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Crowdsourcing and the Question of Expertise


crowd of people

Photo by Pablo Twose Vall

There is an in inherent weakness to crowdsourcing that should bother computer scientists and computer users alike. It's the fact there is no clear difference between "the wisdom of the crowd" and "the mob that rules." What's missing is a measure of discernment.

The Internet is awash in information that demands selectivity, leading Newsweek among others to predict the rise of online experts and reliable information (http://www.news-week.com/id/119091). The assessment seems overly optimistic. There are some efforts to rate expertise on the Internet (http://cacm.acm.org/news/42206), but most of us are left with coping strategies that limit where you go, what you see, and who you trust. It is not the kind of open investigation that promotes learning or understanding.

Crowdsourcing doesn't really help sort through or synthesize information, in fact, it might do the opposite. Research shows that it favors popular opinion and therefore reinforces homogeneity (http://cacm.acm.org/news/42525). That's not hospitable to unconventional or idiosyncratic views.

There is an upside, for sure. Luis von Ahn's GWAP (http://www.gwap.com/gwap/about/) uses computer games "to solve problems for humans all over the world." And Galaxy Zoo tapped about 250,000 visitors to classify nearly one million galaxies (http://cacm.acm.org/magazines/2009/10/42492).

Now the downside: The limitations of crowdsourcing are becoming apparent, even to its defenders. Blogger Josh Berkus summarizes key weaknesses, saying the term is "evil" and carries too much baggage (http://it.toolbox.com/blogs/database-soup/never-say-crowdsourcing-34331). In the end he concludes that the problem is mainly about improper usage. But the issue is bigger than that. The problem with crowdsourcing is that there is no verity. In fact, "correctness [is]...anathema to crowdsourced systems" (http://cacm.acm.org/magazines/2009/7/32094). That's a small concern when rating movies, but researchers and scientists need something more.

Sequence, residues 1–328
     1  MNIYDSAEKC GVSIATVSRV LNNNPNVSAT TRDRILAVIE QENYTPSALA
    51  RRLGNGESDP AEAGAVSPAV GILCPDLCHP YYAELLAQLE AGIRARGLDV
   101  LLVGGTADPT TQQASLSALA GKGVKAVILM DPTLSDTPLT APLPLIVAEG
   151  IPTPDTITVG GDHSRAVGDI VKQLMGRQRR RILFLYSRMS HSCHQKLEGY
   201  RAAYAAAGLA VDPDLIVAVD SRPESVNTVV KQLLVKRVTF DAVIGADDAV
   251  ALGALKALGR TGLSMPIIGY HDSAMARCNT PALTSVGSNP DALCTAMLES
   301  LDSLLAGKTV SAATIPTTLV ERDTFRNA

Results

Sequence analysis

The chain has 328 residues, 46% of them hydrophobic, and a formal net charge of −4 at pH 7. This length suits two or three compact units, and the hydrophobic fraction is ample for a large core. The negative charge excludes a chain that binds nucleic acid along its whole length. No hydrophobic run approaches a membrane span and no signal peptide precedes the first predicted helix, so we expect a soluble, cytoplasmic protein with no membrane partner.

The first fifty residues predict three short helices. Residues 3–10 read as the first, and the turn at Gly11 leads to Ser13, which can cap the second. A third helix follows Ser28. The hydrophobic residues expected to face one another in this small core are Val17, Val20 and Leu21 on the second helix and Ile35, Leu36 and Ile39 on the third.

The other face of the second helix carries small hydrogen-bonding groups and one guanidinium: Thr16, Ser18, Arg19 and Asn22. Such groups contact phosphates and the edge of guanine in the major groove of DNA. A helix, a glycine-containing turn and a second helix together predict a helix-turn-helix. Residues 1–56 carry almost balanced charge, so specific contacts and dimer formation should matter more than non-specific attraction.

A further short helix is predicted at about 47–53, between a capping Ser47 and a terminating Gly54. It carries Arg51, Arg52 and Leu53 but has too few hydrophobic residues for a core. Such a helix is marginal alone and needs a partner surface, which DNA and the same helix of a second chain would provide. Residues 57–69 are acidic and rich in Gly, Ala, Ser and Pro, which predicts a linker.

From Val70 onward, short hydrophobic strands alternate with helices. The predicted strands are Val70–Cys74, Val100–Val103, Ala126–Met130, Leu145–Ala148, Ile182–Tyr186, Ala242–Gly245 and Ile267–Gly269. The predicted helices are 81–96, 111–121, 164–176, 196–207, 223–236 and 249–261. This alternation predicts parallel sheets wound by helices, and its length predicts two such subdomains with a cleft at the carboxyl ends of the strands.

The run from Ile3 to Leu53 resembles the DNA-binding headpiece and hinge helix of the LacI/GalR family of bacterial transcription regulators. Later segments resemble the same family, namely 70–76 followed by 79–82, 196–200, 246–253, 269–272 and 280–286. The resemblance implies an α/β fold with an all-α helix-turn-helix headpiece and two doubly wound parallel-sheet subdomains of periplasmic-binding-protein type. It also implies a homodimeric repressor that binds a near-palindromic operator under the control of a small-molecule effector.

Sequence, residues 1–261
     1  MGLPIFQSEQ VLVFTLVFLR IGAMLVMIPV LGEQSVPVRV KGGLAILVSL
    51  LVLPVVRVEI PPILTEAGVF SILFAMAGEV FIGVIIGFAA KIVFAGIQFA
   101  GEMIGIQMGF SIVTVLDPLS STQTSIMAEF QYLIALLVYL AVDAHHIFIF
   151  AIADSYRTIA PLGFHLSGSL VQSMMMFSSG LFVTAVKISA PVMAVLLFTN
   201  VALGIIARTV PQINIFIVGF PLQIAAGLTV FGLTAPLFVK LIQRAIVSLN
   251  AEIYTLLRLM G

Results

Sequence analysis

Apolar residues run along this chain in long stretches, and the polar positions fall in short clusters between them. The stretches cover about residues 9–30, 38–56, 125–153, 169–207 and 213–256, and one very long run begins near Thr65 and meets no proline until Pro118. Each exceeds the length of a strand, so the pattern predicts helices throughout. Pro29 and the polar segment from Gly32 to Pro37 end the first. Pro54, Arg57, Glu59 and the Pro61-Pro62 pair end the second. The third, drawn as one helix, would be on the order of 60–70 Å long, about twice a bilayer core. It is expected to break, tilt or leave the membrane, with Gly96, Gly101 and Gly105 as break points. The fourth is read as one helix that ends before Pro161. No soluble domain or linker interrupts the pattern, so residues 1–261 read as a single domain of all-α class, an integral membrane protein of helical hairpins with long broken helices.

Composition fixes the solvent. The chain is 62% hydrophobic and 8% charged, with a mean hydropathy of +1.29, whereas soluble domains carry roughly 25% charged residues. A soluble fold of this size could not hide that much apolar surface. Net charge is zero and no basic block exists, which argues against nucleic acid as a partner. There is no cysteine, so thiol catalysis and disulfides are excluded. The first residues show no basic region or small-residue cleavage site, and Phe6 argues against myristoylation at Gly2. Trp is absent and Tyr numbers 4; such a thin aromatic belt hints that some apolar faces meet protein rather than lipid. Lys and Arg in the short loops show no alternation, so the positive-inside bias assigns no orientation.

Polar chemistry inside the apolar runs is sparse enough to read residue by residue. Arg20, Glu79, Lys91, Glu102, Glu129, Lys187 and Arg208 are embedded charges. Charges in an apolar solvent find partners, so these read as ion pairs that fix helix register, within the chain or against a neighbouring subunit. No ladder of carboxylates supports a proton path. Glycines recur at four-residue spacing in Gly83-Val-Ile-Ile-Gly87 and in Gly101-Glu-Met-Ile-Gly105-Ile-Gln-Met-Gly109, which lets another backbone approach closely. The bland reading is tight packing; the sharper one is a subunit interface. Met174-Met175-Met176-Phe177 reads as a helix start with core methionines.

Science needs higher standards. This was illustrated by Newsweek when it decried science education in the U.S. and showed how "wisdom of the masses" is an oxymoron. It described how John Holdren, director of the White House Office of Science and Technology Policy, trades candor for political timidity when discussing science policy (www.newsweek.com/id/216505). "He must sell his ideas to people who couldn't pass high-school algebraand who believe they know more than he does."

Crowdsourcing empowers followers. It risks weakening leaders.

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Footnotes

DOI: http://doi.acm.org/10.1145/1610252.1610258


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